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Israelite Rule in Egypt

Publishing Date : 08 May, 2018

Benson C Saili
THIS EARTH, MY BROTHER

    

Abrahamic dynasty reign in northern Egypt for 500 years

While General Abraham was busy fending off the Sumerian invaders, his wife, Queen Seheratawy Intef (Sarah), the Pharaoh of Egypt, was coming under siege. It seems Abraham had miscalculated: the Hykso rule over all Egypt was not secure yet.


For in 2040 BC, about a year after he left Egypt, Mentuhotep II, the heir to the deposed Mentuhotep I of southern Egypt, overthrew Sarah in an essentially bloodless coup de tat. It was more of a palace coup than a blood-and-gall ousting. What most certainly happened was that Mentuhotep II endeared himself to Sarah, her maternal aunt, and before Sarah knew what was cooking, she had been taken down from the pedestal of power. It was back to square one, whereby indigenous Egyptians were again masters of their own political destiny.  


But Sarah had balls, pardon the misplaced metaphor. Instead of fleeing Egypt altogether, she held out in northern Egypt amongst the Hyksos to rally her people for a renewed putsch. Meanwhile, General Abraham was on his way over to try and salvage the situation, with a formidable army in tow. True to his reputation as the greatest military general of his day, he managed to repel Mentuhotep II’s forces from northern Egypt.


Yet as mighty as he was, this time Abraham wasn’t able to unseat Mentuhotep II from the Thebes throne. As such, he had no option but to content himself with the repossession only of northern Egypt, which he ruled jointly with his wife at least for the next 24 years.  The Hyksos, later to be known as Israelites, were to rule northern Egypt for the next 500 years or so, and the whole of Egypt indirectly from the time of Pharaoh Ramses IX to part of the time of King David as we shall elucidate in the next instalment.     

ISAAC AND JACOB WERE EGYPTIAN PHARAOHS

Although the Bible does not expressly state that the biblical patriarchs from Abraham to David were actually pharaohs of northern Egypt, it does furnish some hints when one reads between the lines. The Bible is not a straightforward informational corpus: it is partly and substantially written in code.  It’s a pity that our pulpit men of Christendom are completely clueless as to this fact, as a result of which their interpretation of “scripture” is woefully erroneous. What they say almost completely has no correlation with the underlying and intended message of biblical passages. What a tragicomedy!   


Exactly how long Abraham ruled northern Egypt is not certain. But we know that according to Egyptian annals, he was succeeded by Shesi (also known as Salitis), who was in turn succeeded by Pharaoh Yakuber.  Shesi was the way the name Isaac (Yishaq in Hebrew) was pronounced in ancient Egypt, though as Pharaoh he was referred to as Pharaoh Mehibre II.  The name Isaac had connotations of laughter as per GENESIS 18:15, 21:5-6.


According to Genesis, he was given the name, which literally means “will laugh”, because the notion of his mother Sarah conceiving him at age 90 was indeed a laughing matter. That interpretation, sadly, is a concoction. Isaac was cause for laughter simply because he was not the biological son of Abraham but that of Pharaoh Mentuhotep I. Properly translated, with the aid of its rendering in some Sumerian-like African languages such as Setswana for instance, Isaac (Itshege) means “laugh at yourself”. For what? For his illegitimacy.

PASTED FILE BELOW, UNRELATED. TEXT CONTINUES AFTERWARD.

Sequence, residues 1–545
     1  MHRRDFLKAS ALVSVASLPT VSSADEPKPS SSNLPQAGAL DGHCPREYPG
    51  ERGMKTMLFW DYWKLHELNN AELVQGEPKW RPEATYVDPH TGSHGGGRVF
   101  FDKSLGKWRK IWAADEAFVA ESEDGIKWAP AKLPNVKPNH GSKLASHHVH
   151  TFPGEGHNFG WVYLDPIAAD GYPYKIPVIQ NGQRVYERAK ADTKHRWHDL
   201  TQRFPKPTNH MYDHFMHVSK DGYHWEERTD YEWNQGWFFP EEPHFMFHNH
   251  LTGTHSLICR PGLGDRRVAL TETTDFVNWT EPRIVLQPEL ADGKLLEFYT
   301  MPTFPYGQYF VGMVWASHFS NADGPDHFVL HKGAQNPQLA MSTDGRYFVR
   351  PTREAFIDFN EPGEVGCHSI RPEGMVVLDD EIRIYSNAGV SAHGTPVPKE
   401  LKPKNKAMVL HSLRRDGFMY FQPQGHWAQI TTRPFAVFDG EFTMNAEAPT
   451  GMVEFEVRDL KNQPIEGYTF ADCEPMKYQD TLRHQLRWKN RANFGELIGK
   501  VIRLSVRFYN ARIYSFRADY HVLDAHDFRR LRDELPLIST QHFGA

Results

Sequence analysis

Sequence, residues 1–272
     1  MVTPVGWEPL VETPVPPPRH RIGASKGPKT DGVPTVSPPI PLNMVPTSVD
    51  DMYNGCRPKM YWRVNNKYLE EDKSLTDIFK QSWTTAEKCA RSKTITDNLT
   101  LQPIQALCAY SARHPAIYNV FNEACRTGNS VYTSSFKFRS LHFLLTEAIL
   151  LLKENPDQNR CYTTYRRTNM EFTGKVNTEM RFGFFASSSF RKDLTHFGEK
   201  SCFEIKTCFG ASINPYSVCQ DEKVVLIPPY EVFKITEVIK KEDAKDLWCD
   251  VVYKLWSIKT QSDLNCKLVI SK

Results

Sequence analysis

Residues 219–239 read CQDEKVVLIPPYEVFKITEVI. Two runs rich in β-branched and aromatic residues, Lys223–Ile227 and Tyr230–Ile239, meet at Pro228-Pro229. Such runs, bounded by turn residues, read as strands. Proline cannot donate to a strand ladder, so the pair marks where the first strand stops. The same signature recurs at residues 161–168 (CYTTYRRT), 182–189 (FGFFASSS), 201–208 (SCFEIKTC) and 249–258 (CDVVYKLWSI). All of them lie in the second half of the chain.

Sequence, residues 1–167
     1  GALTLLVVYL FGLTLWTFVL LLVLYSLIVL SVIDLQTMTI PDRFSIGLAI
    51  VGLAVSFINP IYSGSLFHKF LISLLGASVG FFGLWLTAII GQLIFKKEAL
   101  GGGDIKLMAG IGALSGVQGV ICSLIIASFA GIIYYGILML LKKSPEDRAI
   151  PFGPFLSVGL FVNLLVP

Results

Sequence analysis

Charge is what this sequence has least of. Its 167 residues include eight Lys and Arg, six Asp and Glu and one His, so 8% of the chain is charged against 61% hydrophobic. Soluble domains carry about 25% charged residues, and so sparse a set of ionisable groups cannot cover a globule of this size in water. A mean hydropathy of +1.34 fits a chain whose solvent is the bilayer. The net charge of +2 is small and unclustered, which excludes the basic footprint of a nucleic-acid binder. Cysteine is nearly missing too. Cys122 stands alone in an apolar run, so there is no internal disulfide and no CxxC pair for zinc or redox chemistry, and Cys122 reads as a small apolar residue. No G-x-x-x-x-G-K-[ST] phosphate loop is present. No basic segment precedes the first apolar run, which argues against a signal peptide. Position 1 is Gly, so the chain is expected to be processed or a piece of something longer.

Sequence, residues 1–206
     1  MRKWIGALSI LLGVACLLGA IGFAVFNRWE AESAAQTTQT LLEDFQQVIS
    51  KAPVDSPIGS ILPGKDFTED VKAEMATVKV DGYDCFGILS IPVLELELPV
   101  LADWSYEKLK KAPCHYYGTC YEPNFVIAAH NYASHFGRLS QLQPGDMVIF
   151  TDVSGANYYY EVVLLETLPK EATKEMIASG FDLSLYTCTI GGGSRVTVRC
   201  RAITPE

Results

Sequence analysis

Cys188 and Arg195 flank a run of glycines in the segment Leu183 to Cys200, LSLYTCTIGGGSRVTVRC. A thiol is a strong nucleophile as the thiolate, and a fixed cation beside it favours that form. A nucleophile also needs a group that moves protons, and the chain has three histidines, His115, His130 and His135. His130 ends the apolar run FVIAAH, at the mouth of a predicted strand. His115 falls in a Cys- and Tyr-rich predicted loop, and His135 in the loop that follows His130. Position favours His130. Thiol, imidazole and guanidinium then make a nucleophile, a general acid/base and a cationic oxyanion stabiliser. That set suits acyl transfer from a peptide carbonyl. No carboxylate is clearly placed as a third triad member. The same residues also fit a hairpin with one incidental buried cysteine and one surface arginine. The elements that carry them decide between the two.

Even the Talmud, the Jewish commentaries and interpretive writings that are looked upon as only second in authority to the Old Testament, state categorically that when born, Isaac did not look like Abraham at all. But since he was the legal heir to Abraham being the eldest son of his half-sister-wife, Isaac had the automatic right of accession to Abraham’s throne. That was how he became Pharaoh Shesi.


Abraham was very much aware of Isaac’s illegitimacy but he  could not disown him for fear of losing the much-needed popularity with  indigenous Egyptians who knew the truth about Isaac and cherished him for being  at least part-native Egyptian, what we would today call a coloured,  as Mentuhotep I was fully black and Sarah was white. So the only sensible course of action was to legitimize at least Isaac’s offspring. Like all patriarchs of the day, Isaac had several wives. The first was an Egyptian, by whom he had Esau. This is not mentioned in the Bible as that would be revealing too much.


As for Isaac’s second son Jacob, Abraham ensured that not only did he have maternal Sumerian blood but Haran’s blood as Haran was the proper heir to Terah.  So Abraham contrived for Isaac to travel to Harran, where Terah’s clan was concentrated, and meet Rebecca. Rebecca was the daughter of Betheul. Betheul in turn was the son of Nahor, Abraham’s younger brother, and Milcah, Haran’s eldest daughter. Thus the ensuing child of Isaac and Rebecca, Jacob, was about 75 percent Sumerian and only 25 percent Egyptian. Moreover, with Haran’s blood coursing in Jacob’s veins, that was a potent enough counter punch to Lot’s bone of contention as the rightful successor to Haran and consequently Terah. That’s how clever General Abraham was.     


It was Jacob who succeeded Isaac under the name Pharaoh Yakubher. Yakubher was the Egyptian equivalent of the Hebrew Yaakov. This is Jacob in English. At least four Egyptian scarab seal records attest to the reign of Pharaoh Yakubher in Egypt. In Avaris, the northern Egypt-based Hykso capital, a signet ring was found that read, "Yakov/Yakub".  Jacob was later named Israel by Enlil-Jehovah. Once again, the Bible is silent as to the reason why: it simply said he was given the name after “wrestling with God” (GENESIS 32:22-32).